Last week, I attended a talk by William Hoffman entitled, “The Biologist’s Imagination: Innovation in the Biosciences.” Hoffman’s presentation inspired me to think about a debate that is raging in economics: whether economic growth will continue at the rapid pace of the last hundred or so years, or whether growth is set to stagnate as new innovations yield only small marginal increases in prosperity. Let me take you through it.
Whenever the economy goes through a deep recession, economists ask, is this a new normal? For instance, consider this picture:
The red line shows US economy’s potential output, i.e. the amount the economy would have produced each year had employment, capital utilization, and productivity grown at their usual rates. By contrast, the blue line displays what the US economy actually produced each year (i.e. its real GDP) from 1981 through mid-2014.
Economists are asking, are we going to remain stuck below the red line? One answer is that the Great Recession damaged potential output and it will grow more slowly for the foreseeable future. Lawrence Summers reached back into the debate that took place in the 1930s and resurrected the term “secular stagnation” to describe this situation of chronically slowing growth. (An e-book that debates this topic is available here.) In Summers’ view, we need much more aggressive monetary and fiscal efforts to get the economy back on track.
It turns out there is an even bigger dispute swirling around this question. In particular, this debate steps away from the distinction between actual and potential output and focuses on the future course of potential output growth, in particular, and living standards more generally.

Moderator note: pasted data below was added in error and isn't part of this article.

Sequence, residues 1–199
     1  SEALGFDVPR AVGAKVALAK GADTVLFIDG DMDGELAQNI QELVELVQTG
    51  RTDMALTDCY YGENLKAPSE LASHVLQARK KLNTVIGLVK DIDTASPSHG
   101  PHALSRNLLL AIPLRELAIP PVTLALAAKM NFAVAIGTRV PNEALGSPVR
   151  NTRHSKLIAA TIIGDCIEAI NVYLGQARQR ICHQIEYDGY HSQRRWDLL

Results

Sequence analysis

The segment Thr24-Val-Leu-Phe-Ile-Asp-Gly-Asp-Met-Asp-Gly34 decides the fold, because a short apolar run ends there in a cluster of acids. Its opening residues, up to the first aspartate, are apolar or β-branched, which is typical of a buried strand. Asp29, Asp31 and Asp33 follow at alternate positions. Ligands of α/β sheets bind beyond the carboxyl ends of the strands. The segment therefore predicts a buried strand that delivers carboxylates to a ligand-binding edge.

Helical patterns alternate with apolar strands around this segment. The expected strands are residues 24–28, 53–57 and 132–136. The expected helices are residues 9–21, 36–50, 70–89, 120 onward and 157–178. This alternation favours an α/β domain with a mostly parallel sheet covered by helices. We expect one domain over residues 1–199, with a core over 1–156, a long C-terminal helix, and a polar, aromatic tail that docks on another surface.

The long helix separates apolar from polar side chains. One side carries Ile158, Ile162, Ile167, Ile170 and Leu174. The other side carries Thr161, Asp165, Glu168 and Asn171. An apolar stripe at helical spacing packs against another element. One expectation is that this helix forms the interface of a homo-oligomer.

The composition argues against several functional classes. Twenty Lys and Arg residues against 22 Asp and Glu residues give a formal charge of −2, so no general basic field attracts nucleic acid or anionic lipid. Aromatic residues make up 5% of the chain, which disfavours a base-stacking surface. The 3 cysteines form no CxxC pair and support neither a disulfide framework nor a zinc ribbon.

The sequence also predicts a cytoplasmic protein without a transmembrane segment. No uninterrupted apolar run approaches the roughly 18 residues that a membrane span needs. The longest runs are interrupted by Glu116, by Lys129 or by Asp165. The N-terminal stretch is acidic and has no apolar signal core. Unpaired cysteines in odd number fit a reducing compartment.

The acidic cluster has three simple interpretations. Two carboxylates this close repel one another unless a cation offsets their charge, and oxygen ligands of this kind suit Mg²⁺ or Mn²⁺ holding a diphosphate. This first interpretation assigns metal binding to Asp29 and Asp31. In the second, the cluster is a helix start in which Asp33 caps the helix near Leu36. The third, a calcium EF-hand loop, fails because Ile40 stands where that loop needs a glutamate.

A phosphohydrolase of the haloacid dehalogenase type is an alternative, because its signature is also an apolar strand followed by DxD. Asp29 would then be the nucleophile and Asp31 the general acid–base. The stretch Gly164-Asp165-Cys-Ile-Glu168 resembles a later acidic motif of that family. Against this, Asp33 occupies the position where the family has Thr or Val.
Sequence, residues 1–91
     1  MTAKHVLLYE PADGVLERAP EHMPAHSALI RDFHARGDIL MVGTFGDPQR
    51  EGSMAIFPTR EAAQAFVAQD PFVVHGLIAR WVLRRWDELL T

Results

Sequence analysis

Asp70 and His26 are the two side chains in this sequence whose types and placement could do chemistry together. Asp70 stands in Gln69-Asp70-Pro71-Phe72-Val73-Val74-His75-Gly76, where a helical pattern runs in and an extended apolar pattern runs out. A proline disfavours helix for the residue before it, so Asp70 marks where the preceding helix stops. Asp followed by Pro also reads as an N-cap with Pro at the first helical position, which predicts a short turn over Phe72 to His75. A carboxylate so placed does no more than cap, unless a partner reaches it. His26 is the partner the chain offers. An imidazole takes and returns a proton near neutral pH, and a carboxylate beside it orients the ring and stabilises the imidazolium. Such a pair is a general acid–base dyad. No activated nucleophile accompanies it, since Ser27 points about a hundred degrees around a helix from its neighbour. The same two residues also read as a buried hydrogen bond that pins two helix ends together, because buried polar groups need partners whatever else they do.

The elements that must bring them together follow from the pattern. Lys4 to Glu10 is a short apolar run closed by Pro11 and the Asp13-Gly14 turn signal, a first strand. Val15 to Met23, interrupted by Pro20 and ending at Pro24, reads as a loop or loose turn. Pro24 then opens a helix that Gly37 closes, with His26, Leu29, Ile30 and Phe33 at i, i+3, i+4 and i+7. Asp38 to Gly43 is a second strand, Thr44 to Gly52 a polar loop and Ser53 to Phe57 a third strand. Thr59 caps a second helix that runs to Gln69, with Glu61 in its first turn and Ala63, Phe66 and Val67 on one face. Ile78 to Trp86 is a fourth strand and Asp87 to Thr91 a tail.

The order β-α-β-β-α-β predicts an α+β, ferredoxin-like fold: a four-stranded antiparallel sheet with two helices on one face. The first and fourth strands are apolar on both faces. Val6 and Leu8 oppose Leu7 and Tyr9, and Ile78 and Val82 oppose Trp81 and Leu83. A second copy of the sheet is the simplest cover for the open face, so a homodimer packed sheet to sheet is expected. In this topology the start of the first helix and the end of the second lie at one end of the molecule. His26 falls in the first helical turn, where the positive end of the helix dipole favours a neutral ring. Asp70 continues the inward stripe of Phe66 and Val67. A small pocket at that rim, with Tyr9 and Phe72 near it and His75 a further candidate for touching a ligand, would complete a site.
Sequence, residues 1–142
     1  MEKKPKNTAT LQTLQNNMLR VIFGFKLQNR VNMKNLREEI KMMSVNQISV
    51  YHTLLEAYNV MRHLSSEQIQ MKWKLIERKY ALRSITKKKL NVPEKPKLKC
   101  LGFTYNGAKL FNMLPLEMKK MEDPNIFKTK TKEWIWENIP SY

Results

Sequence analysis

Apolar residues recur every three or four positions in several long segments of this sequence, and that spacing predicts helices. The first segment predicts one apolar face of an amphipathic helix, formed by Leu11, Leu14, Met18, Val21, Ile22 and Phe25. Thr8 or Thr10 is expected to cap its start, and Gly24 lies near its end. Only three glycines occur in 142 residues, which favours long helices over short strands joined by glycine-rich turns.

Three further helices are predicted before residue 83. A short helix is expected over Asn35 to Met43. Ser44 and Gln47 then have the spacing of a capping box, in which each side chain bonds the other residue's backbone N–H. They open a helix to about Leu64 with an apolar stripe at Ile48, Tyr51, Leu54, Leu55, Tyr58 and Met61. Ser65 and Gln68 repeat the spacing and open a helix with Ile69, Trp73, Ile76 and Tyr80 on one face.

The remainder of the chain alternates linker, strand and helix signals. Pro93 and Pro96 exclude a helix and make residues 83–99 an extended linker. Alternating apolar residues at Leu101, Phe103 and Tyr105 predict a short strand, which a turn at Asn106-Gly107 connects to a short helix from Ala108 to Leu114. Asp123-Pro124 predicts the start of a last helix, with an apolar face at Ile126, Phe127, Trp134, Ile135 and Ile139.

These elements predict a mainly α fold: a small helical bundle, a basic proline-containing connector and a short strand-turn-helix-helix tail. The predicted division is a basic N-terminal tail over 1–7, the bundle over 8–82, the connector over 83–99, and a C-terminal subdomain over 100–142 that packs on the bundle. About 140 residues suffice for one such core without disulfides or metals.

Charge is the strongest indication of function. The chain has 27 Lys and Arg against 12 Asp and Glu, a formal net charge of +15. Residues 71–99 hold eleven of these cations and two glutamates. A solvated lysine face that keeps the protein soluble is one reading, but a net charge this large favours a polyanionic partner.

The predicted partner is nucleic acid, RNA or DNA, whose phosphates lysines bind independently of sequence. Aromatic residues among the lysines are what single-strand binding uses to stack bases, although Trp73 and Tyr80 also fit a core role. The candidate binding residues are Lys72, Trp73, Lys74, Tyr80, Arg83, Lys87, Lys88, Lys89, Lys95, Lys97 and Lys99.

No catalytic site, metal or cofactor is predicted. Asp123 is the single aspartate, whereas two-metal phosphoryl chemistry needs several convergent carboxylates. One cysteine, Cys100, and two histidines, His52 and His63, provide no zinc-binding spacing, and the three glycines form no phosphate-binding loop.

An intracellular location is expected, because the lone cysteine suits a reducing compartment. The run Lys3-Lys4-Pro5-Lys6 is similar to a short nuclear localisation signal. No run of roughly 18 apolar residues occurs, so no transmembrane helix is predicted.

An end to rapid growth
On the pessimistic side, economist Robert J. Gordon argues that the period from 1870 to 2000 was “one big wave” of productivity growth, and that the pace of technological progress driving potential output growth is slowing down. When you add in what he terms “headwinds” such as high government debt and an aging population, Gordon predicts that instead of potential GDP per person growing at about 2 percent per year (as it did during the big wave) growth will fall to about 1 percent per year.
This may not sound like much of a difference, but it means that instead of income per person doubling every 35 years (with 2 percent growth) it will take 70 years to double. At 2 percent, you’ll see your children achieve a material standard of living twice of your own, while at 1 percent it will take until your grandchildren are alive to see doubled incomes.
Gordon does not think that the current recession caused this slowdown. Rather, like the tide going out, it revealed trends that have been building for ten or twenty years. And there’s not much that public policy can do to change this forecast.
No end in sight
Erik Brynjolfsson and Andrew McAfee set out the optimistic case in The Second Machine Age: Work, Progress, and Prosperity in a Time of Brilliant Technologies. They write that “the outstanding features of the second machine age” are “sustained exponential improvements in most aspects of computing, extraordinarily large amounts of digital information, and recombinant innovation.” (Italics mine.) They go on to say that “these three forces are yielding breakthroughs that convert science fiction into everyday reality, outstripping even our recent expectations and theories. What’s more, there’s no end in sight.”